When fewer and fewer people die from a certain disease each year, that’s called progress.
So why, after decades of declines, are death rates from prostate cancer suddenly no longer falling? Why did that positive trend suddenly stop?
And moreover, researchers wonder, why is the incidence of advanced prostate disease now on the rise?
These questions, raised in the Annual Report to the Nation on the Status of Cancer by the American Cancer Society, caused a stir in the medical community. Although the scientists did not try to find a cause-and-effect connection, a theory for the bad news about prostate cancer nonetheless has gained traction: a reduction in screening.
In 2012, a federal advisory committee began to discourage routine use of prostate-specific antigen (PSA) tests for all men. The detriments of aggressively treating certain early-stage malignancies could outweigh the benefits, according to the U.S. Preventive Services Task Force, a volunteer panel of national experts in disease prevention. The group acknowledged a benefit for men in general between ages 55 and 69, but not for men over 70.
Was a reduction in screening the reason for the change?
Whatever the case, one important point has gotten lost in the debate, says Raviender Bukkapatnam, urologist and chief of staff at Tampa General Hospital.
That point? Doctors treat individual patients, not the general population.
“When I’m sitting in a room with a patient, I’m not worried about the population,” Bukkapatnam says. “I’m worried about the individual sitting in front of me.”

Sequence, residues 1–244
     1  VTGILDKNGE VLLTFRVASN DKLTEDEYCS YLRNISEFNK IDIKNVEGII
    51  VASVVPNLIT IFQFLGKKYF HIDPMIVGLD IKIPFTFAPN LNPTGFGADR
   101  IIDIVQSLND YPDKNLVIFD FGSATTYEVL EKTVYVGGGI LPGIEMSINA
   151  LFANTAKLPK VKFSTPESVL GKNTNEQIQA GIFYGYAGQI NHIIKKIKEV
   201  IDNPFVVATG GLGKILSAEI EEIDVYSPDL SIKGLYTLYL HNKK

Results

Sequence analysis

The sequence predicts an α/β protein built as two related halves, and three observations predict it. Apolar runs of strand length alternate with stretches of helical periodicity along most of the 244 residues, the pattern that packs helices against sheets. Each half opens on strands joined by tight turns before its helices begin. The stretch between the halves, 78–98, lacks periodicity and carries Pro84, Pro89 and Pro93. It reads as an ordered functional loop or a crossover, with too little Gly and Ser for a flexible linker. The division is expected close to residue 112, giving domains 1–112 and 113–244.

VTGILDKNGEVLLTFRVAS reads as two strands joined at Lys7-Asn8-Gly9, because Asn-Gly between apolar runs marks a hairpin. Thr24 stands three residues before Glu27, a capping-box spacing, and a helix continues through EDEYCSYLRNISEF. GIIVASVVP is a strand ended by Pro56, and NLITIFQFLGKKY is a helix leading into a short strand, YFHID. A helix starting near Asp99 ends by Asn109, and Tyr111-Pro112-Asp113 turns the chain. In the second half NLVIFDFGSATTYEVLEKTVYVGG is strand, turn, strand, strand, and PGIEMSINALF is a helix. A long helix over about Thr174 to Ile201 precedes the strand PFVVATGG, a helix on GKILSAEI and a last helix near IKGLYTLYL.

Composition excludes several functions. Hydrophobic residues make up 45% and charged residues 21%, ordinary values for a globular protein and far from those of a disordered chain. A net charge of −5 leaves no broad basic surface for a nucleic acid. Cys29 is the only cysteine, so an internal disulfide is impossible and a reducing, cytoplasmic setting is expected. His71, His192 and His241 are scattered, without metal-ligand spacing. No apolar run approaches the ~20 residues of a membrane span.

Screening for prostate cancer is a test that mandates a discussion, he says. “There are some 70-year-olds who are very healthy and have a long life expectancy. In that situation, it would be prudent to surveil those patients. A 70-year-old who’s still driving, playing golf, and maybe even working — typically those patients have a longer life ahead of them.”
However, when it comes to 70-year-olds with a shorter life expectancy because of other medical conditions they may have, screening may not be helpful. “If a 70-year-old has a life expectancy of five years, it’s not worthwhile to check,” he says.
Then there’s the question of side effects. For example, treatment can cause sexual dysfunction and incontinence in certain cases. “They’re a real possibility,” says Bukkapatnam. However, modern techniques have gotten significantly better at minimizing the occurrence of those side effects. Plus, there’s the stark fact that more than 30,000 Americans die each year of prostate cancer.
“And as I tell my patients, dead men don’t complain about incontinence,” he says.
If a man over 70 is concerned about prostate cancer screening, he should talk with his primary care doctor. “The emphasis has got to be on having a discussion about that individual’s needs and situation,” Bukkapatnam said.